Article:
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Existing research suggests that voters tend to respond positively to legislator independence due to two types of mechanism. First, dissent has an indirect effect, increasing a legislator’s media coverage and personal recognition among constituents (profile effects). Secondly, constituents react positively to dissent when this signals that the legislator has matching political or representational preferences (conditional evaluation). This article presents a third effect: dissent acts as a valence signal of integrity and trustworthiness. Consistent with the valence signalling mechanism, it uses new observational and experimental evidence to show that British voters have a strong and largely unconditional preference for legislators who dissent. The findings pose a dilemma for political systems that rely on strong and cohesive parties.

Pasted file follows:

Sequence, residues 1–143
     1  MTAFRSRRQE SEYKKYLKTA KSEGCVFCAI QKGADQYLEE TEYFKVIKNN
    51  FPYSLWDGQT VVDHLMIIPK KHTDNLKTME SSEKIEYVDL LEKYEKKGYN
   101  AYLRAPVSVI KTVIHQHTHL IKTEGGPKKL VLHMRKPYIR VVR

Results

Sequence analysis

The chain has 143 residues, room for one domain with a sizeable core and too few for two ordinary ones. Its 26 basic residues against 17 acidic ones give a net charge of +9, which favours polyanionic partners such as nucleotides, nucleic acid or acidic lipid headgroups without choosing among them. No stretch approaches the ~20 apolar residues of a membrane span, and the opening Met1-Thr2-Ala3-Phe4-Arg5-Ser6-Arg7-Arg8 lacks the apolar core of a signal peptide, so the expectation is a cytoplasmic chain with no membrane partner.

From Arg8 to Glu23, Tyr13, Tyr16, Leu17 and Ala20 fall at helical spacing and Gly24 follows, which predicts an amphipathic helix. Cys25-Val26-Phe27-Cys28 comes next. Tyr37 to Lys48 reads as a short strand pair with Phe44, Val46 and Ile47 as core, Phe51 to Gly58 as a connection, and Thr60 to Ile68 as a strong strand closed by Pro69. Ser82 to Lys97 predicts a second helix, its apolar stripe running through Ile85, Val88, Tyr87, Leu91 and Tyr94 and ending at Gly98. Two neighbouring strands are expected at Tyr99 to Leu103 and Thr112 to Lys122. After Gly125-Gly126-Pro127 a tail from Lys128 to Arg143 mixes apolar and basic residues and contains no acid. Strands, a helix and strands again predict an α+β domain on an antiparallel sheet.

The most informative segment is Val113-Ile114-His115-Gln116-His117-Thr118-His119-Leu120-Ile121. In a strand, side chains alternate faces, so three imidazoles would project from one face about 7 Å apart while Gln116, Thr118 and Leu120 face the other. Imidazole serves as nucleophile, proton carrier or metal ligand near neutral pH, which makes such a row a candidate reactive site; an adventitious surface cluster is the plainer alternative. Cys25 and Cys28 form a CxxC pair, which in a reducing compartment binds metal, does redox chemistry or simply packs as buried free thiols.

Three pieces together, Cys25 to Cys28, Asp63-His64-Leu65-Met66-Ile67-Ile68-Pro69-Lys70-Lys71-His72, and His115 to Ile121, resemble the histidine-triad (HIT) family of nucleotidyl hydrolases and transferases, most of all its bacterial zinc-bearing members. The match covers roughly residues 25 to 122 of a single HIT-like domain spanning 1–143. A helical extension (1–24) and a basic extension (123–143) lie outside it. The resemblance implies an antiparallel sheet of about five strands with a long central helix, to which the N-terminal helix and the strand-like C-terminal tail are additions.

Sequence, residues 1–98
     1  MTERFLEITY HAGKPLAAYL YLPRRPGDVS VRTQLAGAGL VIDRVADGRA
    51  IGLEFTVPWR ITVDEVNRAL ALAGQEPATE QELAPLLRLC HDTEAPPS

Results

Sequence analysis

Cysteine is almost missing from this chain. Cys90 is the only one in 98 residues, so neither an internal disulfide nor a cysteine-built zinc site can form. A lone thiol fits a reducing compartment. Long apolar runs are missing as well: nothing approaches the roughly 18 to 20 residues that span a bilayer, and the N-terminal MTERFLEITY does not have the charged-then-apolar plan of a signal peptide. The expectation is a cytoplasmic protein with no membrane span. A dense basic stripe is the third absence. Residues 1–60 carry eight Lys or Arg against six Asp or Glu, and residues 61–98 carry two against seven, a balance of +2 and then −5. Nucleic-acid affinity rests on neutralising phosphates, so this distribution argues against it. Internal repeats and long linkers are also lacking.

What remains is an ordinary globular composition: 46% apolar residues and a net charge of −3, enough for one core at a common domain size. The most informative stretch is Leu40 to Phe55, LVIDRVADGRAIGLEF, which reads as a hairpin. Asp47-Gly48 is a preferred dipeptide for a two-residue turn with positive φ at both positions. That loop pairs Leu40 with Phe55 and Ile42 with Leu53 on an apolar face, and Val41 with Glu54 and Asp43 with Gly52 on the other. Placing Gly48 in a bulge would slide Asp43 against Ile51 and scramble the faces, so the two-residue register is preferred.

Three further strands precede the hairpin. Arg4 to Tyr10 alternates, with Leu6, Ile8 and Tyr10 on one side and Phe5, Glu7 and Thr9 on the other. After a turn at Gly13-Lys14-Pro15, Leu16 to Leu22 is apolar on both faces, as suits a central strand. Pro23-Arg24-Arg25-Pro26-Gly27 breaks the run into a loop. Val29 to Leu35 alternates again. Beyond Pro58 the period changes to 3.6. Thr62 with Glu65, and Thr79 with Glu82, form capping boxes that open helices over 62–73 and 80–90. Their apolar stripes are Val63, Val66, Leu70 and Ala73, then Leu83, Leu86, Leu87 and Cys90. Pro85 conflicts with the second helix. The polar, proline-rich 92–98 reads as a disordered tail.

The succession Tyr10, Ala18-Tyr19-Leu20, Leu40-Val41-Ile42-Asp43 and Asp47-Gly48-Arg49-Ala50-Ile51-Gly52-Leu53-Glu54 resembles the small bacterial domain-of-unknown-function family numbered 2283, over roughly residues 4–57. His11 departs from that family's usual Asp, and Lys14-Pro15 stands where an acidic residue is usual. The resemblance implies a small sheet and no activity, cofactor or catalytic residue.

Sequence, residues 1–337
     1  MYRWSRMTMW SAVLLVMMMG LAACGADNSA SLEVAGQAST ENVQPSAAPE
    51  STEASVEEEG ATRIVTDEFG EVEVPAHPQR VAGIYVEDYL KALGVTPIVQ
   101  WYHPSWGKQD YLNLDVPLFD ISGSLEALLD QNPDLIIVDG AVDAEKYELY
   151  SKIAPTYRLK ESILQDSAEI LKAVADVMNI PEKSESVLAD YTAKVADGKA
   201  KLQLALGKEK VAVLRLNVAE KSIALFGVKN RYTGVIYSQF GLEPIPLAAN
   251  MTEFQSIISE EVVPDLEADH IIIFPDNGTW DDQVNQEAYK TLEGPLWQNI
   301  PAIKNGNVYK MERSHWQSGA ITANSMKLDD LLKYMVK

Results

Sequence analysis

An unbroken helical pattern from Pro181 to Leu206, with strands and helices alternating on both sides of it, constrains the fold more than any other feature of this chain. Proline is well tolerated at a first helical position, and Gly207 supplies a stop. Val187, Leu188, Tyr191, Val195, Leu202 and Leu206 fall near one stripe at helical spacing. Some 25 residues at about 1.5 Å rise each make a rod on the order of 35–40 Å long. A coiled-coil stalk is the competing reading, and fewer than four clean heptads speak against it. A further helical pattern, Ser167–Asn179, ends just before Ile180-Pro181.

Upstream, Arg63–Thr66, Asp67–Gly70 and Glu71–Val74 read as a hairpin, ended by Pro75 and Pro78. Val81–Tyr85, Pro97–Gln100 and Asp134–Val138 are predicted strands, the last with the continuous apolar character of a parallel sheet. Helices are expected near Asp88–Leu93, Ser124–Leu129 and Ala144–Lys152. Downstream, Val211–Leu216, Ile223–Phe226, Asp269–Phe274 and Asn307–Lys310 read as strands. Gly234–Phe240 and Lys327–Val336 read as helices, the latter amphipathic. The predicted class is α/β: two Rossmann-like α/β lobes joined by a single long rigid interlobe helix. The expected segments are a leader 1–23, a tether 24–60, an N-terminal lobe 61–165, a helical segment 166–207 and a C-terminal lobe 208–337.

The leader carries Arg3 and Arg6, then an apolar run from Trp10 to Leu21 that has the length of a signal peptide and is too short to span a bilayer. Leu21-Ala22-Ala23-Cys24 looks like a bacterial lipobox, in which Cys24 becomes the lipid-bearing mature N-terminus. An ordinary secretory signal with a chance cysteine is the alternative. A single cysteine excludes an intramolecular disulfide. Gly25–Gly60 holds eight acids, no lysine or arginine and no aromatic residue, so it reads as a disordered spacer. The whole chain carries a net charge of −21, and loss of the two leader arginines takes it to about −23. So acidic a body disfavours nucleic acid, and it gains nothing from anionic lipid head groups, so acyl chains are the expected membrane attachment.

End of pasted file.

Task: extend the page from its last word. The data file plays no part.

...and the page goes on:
We embed a critique of the respective strengths and weaknesses of policy initiatives to ‘build the rule of law’ within the broader literature on political settlements and developmental states, thereby creating a foundation for an alternative framework that takes politics and the legitimacy of change processes seriously. Thus far the dominant terms of debate have been between those advocating or resisting the replication of legal ‘forms’ (i.e., what modern legal institutions, statutes and procedures ‘look like’, such as constitutions) via large, rapid, imported technocratic interventions, and those pushing instead for a focus on enhancing a prevailing legal system's ‘functionality’ (what the existing system actually ‘does’) via a series of local level legal empowerment programs or attempts to redefine state-society relations by adjusting legal configurations. We argue for the inclusion of a third dimension, namely one encompassing procedural legitimacy and equitable contestation as part of the change process.
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